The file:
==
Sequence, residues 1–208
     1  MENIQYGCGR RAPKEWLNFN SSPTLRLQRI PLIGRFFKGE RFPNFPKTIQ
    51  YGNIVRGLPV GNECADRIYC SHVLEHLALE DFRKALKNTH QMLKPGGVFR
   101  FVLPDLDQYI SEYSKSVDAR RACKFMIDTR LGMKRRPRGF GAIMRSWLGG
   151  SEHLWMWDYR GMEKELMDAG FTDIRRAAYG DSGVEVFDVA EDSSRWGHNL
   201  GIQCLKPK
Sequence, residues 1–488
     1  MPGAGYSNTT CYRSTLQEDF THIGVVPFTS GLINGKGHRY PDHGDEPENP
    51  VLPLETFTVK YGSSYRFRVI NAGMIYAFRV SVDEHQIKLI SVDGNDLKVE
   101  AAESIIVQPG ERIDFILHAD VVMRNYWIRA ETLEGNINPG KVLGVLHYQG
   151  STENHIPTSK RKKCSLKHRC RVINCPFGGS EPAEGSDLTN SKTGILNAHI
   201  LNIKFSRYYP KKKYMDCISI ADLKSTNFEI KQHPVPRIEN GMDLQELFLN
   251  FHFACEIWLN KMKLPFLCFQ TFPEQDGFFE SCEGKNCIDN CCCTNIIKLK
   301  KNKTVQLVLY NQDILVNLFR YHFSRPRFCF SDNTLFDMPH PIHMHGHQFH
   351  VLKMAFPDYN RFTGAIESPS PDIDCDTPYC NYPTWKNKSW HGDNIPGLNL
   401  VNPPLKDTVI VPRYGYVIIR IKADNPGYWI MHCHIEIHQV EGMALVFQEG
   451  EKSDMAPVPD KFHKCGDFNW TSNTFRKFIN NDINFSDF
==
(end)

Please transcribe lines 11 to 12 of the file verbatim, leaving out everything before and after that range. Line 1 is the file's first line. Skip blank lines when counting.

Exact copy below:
   151  STENHIPTSK RKKCSLKHRC RVINCPFGGS EPAEGSDLTN SKTGILNAHI
   201  LNIKFSRYYP KKKYMDCISI ADLKSTNFEI KQHPVPRIEN GMDLQELFLN